Whether you were pro- or anti- Annan one thing is clear: there is a difference between what a desired outcome is and what is the achievable outcome, and that the achievable outcome changes over time. Mr Papadopoulos believed that being right (having the UN security council resolution condemning the invasion of Turkish troups and demanding their withdrawal) meant that a waiting game was in our benefit: pretty soon a Turkey that is eager to join the EU would be forced by the international community, who accepted our claims of unlawful occupation, to accept a deal that would be better for the Greek Cypriot side, if only the Greek Cypriots could hold on for a couple of more years (or decades).
Leaving aside the whole issue of looking at the negations as a zero-sum (where one only gains at the expense of another) rather than a collaborative project, I would like to point out the fallacy of the strategy: The problem with this strategy is time: tragedies and injustices can only be excepted to remain topical for so long: a waiting game is not only bad due to issues of settler migration into Cyprus, but are especially bad if the bargaining position of one country rests on the collective memory of past injustices by the international community; such well being will rarely last beyond the generation that lived through the events first hand.
Who cries for the millions of Germans forced out of their homes in the end of the Second World War? Do people thing of Alsace-Loraine, conquered by Luis the XIV in the 17th century as German or French? How about Nice and Corsica: Nice was ceded to the French in 1860 (without asking the population) by the new King of Italy as a reward for the French feat of arms that liberated Lombardy for the piedmont King, and Corsica was purchased by the French from the Genoese in 1768 who were not in control of the revolutionary government of Corsica. Although the residents of these countries might still feel the injustices done to them, we do not equate these issues as areas of injustice that the international community supports. The reason why answer is simple: enough time has passed for the status quo to become more acceptable that the correction of the injustices as suggested by the aggrieved parties.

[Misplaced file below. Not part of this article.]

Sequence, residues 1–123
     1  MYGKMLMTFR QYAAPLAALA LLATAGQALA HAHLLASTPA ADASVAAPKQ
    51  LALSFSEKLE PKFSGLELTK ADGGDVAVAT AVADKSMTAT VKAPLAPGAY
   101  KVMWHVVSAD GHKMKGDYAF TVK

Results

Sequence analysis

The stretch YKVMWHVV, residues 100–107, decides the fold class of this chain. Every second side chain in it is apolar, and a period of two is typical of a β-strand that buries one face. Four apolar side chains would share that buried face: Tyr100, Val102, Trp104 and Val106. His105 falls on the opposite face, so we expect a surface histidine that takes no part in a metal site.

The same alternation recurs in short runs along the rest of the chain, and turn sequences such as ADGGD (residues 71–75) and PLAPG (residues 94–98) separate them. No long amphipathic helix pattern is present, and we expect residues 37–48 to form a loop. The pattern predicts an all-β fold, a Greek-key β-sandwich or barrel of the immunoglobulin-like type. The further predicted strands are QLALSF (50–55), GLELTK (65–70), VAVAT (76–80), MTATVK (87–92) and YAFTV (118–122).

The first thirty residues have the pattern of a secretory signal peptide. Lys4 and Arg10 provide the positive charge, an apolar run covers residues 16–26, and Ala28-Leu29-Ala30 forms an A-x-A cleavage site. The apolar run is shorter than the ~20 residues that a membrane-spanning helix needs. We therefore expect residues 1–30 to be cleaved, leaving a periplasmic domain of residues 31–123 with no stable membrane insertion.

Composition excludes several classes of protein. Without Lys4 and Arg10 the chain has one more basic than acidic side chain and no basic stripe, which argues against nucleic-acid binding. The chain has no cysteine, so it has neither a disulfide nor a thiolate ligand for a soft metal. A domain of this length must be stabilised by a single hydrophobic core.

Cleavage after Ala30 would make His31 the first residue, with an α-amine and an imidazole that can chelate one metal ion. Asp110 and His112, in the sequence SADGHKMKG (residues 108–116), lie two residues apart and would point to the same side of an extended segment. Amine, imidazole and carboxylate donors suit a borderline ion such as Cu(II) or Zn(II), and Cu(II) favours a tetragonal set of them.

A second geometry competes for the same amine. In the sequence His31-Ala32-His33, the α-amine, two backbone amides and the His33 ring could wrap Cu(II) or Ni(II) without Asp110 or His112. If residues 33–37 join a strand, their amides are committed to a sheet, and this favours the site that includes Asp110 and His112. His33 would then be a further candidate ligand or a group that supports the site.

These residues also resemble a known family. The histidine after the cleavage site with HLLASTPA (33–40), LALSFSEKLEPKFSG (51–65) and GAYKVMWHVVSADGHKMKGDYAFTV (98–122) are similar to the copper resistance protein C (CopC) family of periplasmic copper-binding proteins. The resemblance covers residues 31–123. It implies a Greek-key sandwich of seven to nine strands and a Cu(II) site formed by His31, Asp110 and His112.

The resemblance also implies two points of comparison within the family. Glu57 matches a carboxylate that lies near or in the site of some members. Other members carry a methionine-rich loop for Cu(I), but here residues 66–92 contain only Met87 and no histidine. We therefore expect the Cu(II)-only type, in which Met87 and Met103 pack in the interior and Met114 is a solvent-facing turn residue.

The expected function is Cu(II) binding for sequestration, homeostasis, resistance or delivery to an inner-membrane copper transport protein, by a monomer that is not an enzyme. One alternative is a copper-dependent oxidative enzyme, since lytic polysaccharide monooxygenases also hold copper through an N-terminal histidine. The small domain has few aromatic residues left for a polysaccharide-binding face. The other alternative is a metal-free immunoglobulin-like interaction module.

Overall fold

Mr. Papadopoulos policies had the same flaw in his reasoning: the waiting game led naturally to the acceptance of the status quo (with guns, mines and division still reigning) as more appealing to disturbing thirty years of goodwill. People naturally began to speculate if it was reasonable to affect the lives of people 30+ years after the event, and wondered if legitimising the status quo would be a simpler way for World to deal with
If I can be so bold the same arguments makes ideological stances during negations futile, as being right rarely resolves such issues, and works less well as time progresses. A bolder example is the case of the Palestinian occupation: while extreme right wing elements of Israeli society feel that all of the land currently occupied is owned to them both by holy writ and as a small way in correcting the horrible massacre of the Holocaust, their argument will wither over the passage of time. There is no question that the Holocaust should not be forgotten and that
Sadly the lack of foundation on hardline politics is not a cause to cheer; their downfall over time does not lead to a solution though negotiation: it leads to an embedment of the current status quo of conflict. It takes great leaders with horrors of the past as memories and visions of a better future as guides, to reach workable negotiated settlements that finally resolve conflicts.